In the southern and western iwan interior, decorative elements of the Ghurid period are uncovered. Made from stucco, they are stamped with floral and geometric patterns. Stucco is a material for molding ornaments.[5][10] At the southeast corner of the mosque is the Ghurid portal. It has not served as a portal since unknown times. On both sides of the archway, Kufic inscriptions are displayed. This style of Arabic script is typical of Ghurid period inscriptions.[10] The vertically placed bands of inscriptions are made of terracotta and worked into the base's mortar like a mosaic. On the front, they are glazed blue, contrasting with the light red brick tone of the background.[2][10] The sidewalls of the portal are decorated with geometrical brick mosaic, interspersed with blue glazed tile plugs.[5][14]

See also[edit]


  1. ^ a b c d "Great Mosque of Herat". 19 August 2005. Archived from the original on 3 October 2012. Retrieved 18 July 2011.
  2. ^ a b c d e f g h i j k l m n o p q r s t u v Verfasser., Hansen, Erik (2015). The Ghurid Portal of the Friday Mosque of Herat, Afghanistan : conservation of a historic monument. ISBN 978-87-7124-913-2. OCLC 959553318. {{cite book}}: |last= has generic name (help)
  3. ^ a b c d Frye, Richard N. (1948). "Two Timurid Monuments in Herat". Artibus Asiae. 11 (3): 206–213. doi:10.2307/3247934. ISSN 0004-3648. JSTOR 3247934.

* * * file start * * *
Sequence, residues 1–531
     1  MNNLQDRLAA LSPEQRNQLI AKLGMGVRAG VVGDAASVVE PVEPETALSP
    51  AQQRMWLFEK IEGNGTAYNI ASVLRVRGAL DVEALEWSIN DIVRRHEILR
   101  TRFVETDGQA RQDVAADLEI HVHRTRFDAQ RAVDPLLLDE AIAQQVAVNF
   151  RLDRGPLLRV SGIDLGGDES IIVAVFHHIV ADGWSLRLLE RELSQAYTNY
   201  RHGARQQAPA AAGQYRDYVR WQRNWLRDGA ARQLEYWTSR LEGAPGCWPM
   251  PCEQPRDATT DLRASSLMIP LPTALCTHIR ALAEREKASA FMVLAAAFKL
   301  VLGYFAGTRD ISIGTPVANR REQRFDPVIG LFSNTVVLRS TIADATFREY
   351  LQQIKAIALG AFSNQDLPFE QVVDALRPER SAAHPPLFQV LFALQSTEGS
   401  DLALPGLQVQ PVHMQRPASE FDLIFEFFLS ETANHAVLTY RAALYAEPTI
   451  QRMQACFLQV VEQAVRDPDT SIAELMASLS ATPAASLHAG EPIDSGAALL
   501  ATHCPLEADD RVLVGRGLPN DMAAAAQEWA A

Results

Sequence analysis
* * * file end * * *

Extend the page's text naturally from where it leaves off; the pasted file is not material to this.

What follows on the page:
4. ^ a b c d e f g h i Golombek, Lisa (1983). "The Resilience of the Friday Mosque: The Case of Herat". Muqarnas. 1: 95–102. doi:10.2307/1523073. ISSN 0732-2992. JSTOR 1523073.
  5. ^ a b c d e f g h Patel, Alka (2007). "Architectural Cultures and Empire: The Ghurids in Northern India (ca. 1192–1210)". Bulletin of the Asia Institute. 21: 35–60 – via JSTOR.
  6. ^ a b c Itemadi, Guya (1953). "The general mosque of Herat". Afghanistan. 8: 40–50.
  7. ^ a b c Kazimme and McQuillan, Bashir and James (2002). "Living Traditions of the Afghan Courtyard and Aiwan". Traditional Dwellings and Settlements Review. 13: 23–34 – via JSTOR.
  8. ^ Jamal, Nadia Eboo (2002). Surviving the Mongols: Nizārī Quhistānī and the Continuity of Ismaili Tradition in Persia. London: Tauris. p. 70. ISBN 978-1-86064-876-2.
  9. ^ Melikian, Souren (1973). "Le bassin extraordinaire qui donnait l'eau aux fidèles dans la mosque de Hérât". Connaissance des Arts. Issue 252: 62–63.
  10. ^ a b c d e f Glatzer, Bernt (1980). "Das Mausoleum und die Moschee des Ghoriden Ghiyat ud-Din in Herat". Afghanistan Journal. 7: 6–34.
  11. ^ a b Stuckert, Ruedi (1980). "Der Baubestand der Masjid-al-Jami in Herat 1942/1943". Afghanistan Journal. 7: 3–5.
  12. ^ a b c Tirard-Collet, Olivier (1998). "After the War. The Condition of Historical Buildings and Monuments in Herat, Afghanistan". Iran. 36: 123–138. doi:10.2307/4299980. ISSN 0578-6967. JSTOR 4299980.
  13. ^ "Historical Herat Mosque Built over Ancient Zoroastrian Temples Being Renovated". The Gazette of Central Asia. Satrapia. 16 November 2012.
  14. ^ Broug, Eric (2013). Islamic geometric design. ISBN 978-0-500-51695-9. OCLC 1090514729.